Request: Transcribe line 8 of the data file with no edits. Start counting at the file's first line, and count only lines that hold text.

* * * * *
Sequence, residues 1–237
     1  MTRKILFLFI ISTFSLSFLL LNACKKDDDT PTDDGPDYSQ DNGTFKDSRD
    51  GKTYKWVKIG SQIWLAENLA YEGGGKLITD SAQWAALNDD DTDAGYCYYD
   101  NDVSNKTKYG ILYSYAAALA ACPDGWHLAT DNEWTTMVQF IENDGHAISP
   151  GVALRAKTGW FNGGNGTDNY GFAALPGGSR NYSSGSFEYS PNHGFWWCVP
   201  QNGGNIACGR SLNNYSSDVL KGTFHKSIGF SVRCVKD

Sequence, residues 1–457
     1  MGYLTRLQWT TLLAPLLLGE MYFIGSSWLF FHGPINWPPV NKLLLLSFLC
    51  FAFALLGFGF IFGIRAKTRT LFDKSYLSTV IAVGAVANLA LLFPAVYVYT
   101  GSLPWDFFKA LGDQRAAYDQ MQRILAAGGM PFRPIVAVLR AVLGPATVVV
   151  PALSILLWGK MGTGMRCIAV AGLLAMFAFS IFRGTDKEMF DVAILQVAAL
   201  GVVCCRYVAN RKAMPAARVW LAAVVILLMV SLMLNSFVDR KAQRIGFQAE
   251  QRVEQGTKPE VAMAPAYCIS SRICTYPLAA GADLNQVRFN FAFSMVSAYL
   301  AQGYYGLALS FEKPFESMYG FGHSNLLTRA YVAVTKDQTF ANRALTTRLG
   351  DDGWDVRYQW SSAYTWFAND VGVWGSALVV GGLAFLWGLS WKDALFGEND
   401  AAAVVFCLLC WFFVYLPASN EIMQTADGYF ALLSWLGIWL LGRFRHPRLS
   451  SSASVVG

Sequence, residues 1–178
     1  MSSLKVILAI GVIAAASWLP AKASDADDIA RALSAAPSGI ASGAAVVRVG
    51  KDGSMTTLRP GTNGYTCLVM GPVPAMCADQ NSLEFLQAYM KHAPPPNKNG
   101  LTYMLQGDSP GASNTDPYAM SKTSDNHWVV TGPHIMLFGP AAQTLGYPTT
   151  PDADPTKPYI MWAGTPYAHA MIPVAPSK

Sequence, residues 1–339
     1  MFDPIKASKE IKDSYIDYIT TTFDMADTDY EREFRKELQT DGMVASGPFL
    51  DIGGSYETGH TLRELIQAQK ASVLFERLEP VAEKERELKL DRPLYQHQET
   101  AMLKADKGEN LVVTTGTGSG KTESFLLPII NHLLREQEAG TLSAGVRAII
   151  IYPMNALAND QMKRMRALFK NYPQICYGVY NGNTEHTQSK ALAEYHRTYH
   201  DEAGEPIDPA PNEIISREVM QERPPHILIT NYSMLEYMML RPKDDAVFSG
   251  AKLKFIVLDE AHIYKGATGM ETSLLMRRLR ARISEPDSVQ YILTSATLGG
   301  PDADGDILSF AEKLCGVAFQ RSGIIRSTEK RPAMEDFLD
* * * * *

     1  MGYLTRLQWT TLLAPLLLGE MYFIGSSWLF FHGPINWPPV NKLLLLSFLC